• grass
  • In an experiment where the growth of M. arvense was compared on rye grass, alfalfa and flax, it was found to grow much the best on the leguminous plant, alfalfa. (wikipedia.org)
  • skin
  • E. arvense has been used in traditional Austrian herbal medicine internally as tea, or externally as baths or compresses, for treatment of disorders of the skin, locomotor system, kidneys and urinary tract, rheumatism and gout. (wikipedia.org)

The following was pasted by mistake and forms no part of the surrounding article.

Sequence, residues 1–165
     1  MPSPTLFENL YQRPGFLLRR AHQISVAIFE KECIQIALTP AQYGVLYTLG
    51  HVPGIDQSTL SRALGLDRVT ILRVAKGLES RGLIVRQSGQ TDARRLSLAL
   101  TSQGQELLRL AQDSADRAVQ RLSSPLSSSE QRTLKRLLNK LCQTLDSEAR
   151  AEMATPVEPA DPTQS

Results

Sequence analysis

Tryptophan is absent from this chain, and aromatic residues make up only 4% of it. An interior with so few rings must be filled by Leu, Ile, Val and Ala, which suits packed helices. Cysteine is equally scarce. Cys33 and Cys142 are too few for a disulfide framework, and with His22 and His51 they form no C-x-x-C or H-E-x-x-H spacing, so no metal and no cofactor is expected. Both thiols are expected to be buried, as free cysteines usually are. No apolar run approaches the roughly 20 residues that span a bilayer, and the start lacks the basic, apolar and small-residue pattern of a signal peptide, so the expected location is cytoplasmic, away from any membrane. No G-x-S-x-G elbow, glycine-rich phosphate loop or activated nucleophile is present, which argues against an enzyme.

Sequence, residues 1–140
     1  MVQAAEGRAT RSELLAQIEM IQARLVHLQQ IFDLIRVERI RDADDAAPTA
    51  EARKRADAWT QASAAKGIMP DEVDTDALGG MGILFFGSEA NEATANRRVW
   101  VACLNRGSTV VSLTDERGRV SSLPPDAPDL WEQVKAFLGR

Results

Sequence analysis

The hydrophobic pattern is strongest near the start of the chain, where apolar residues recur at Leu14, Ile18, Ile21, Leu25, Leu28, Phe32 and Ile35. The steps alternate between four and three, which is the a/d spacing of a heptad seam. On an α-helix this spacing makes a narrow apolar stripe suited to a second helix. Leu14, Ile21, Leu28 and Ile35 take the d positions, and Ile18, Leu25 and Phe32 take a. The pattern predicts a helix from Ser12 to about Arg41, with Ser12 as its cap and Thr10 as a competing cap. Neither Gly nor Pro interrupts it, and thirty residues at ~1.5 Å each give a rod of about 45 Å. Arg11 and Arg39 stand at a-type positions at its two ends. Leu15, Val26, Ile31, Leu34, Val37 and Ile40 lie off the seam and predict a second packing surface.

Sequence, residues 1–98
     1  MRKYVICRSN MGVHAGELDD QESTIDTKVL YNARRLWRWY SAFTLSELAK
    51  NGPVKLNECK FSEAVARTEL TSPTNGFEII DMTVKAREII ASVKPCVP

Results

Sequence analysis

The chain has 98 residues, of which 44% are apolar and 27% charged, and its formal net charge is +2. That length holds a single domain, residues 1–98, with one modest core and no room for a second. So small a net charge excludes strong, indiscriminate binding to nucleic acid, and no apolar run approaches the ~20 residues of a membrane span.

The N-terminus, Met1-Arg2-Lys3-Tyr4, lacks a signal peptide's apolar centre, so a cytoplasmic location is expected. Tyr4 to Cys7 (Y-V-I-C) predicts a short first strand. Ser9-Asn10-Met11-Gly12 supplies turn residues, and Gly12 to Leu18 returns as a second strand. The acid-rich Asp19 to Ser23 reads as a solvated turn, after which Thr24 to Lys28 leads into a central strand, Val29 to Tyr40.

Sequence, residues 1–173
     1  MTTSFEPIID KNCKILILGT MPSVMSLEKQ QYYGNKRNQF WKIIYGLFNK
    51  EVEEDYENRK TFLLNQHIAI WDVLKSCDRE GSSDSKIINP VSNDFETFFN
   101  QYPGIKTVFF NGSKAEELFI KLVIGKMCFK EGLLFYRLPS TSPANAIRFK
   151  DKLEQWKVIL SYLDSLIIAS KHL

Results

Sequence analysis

• form
  • These glands are violet in the case of M. arvense, are visible under a hand lens, and take the form of minute scales (about 0.45mm in diameter) which secrete a sugary solution. (wikipedia.org)